Words are flowing out like endless rain into a paper cup
I caught the last screening of Across the Universe
last night with Tseri in Glorietta. It's an odd movie. I certainly liked some parts better than others; there were lots of powerful imagery and the arrangements of the songs were quite imaginative. I thought that the storytelling could have been tighter, the visuals and the choreography more consistent, and the storyline more epic. The movie felt like a bunch of loosely-related music videos, and some of them were good.
I did enjoy myself though, but that's not a hard proposition given that you're basically listening to Beatles music for a couple of hours. The experience was a bit weird though, because you sit there and you know all the lyrics and yet, you can't sing along like you would during Beatles night at 70s Bistro, lest you end up looking like those dorks who go to the theater and sing along loudly to the movie version of Rent
What I found contrived was the '60s setting of the movie. I just felt that it was a little lazy, the use of The Beatles as shorthand for the decade. It reminds me of a piece from Nick Hornby that I wrote about previously
, where he was arguing for the songwriting merits of Ben Folds. In the latter part of the essay, he rued the fact that the craftsmanship that goes into writing songs as good as Folds's "Smoke" is never appreciated, because his songs are just songs, and they're not meant to change the world. He explains further:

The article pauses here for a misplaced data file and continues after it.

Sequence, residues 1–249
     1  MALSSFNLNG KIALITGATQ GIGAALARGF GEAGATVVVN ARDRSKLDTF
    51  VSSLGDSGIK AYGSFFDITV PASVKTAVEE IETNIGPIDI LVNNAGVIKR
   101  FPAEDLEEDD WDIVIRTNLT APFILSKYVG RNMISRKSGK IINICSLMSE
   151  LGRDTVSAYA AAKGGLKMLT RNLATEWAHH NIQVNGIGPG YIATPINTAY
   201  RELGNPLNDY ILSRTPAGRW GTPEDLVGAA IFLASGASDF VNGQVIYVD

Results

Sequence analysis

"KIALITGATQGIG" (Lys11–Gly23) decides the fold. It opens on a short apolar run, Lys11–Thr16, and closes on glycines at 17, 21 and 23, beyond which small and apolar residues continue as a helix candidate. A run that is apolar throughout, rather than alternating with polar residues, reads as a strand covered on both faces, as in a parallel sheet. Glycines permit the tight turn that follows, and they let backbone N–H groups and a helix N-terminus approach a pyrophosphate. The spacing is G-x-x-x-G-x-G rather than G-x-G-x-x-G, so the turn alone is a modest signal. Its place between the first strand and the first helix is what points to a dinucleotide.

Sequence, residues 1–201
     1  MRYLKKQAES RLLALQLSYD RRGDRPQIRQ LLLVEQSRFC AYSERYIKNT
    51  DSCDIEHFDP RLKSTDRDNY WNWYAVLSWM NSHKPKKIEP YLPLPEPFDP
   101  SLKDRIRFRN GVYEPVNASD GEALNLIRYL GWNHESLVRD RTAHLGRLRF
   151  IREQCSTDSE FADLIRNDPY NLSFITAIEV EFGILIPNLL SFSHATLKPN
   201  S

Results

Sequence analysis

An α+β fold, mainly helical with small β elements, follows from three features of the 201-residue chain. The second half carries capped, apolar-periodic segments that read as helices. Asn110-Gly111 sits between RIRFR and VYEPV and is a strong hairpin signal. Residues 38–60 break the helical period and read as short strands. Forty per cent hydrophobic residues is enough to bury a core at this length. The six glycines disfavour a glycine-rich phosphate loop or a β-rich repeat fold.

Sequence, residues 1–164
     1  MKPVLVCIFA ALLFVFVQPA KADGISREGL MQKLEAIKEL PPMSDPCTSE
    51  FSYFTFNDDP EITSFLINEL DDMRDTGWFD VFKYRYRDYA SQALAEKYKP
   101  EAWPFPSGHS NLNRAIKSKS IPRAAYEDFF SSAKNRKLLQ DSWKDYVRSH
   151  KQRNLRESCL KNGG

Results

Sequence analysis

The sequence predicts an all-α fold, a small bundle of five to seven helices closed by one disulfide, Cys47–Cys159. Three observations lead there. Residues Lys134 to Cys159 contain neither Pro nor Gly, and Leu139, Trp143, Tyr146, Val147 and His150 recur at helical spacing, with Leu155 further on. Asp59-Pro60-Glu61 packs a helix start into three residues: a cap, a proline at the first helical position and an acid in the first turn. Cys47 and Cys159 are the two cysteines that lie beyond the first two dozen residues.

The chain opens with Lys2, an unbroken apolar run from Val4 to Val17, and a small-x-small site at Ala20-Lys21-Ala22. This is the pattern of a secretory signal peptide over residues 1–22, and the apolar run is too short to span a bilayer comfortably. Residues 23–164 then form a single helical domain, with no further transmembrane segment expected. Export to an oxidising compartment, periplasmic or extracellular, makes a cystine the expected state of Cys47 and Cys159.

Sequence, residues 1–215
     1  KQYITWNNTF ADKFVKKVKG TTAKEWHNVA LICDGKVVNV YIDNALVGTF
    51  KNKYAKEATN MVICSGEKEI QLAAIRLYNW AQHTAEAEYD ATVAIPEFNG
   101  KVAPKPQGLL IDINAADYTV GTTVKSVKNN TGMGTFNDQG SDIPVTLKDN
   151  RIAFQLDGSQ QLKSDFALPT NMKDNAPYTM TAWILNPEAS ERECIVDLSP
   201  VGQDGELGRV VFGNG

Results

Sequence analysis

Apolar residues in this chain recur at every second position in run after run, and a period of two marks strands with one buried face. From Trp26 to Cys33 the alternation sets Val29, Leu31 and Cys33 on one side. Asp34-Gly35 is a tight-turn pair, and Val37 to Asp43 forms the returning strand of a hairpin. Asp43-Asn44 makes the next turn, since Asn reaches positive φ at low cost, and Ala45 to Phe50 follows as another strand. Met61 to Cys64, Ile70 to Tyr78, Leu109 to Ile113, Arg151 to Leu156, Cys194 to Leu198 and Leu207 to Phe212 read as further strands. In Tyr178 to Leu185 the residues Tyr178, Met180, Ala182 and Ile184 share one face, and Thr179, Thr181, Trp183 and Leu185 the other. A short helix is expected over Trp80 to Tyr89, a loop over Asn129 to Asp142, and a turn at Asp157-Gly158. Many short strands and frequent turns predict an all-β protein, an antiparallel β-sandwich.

The Beatles had a context, too, but they seem to have inhaled that along with everything else: they have hoovered up and become the sixties, and everything that happened in that extraordinary decade somehow belongs to them now. Their songs have therefore become imbued with all sorts of magic that doesn't properly belong to them, and we can't see the songs as songs anymore.
Hornby isn't a Beatles detractor. In fact, in one of the few moments from the book High Fidelity
that wasn't in the movie, his hero Rob Fleming explains his relationship with the Beatles, and how it's his go-to music every time he's depressed over the last girl he's pining for:
"...I'll be playing the Beatles when I get home. Abbey Road, probably, although I'll program the CD to skip over "Something." The Beatles were bubblegum cards and Help at the Saturday morning cinema and toy plastic guitars and singing "Yellow Submarine" at the top of my voice in the back row of the coach on school trips. They belong to me, not to me and Laura, or me and Charlie, or me and Alison Ashworth, and though they'll make me feel something, they won't make me feel bad.
As a whole, the movie felt lacking, and there just wasn't enough magic. It could have been much grander. The Fab Four's music has inspired much better fiction (Haruki Murakami's seminal novel, Norwegian Wood
, comes to mind). Across the Universe
was alright, but it didn't make you fall in love, or break your heart gently, or inspire you to take on the rest of the world, or give you a quiet sense of comfort-- at least not the way those Beatles records did.
Labels: beatles, movies, music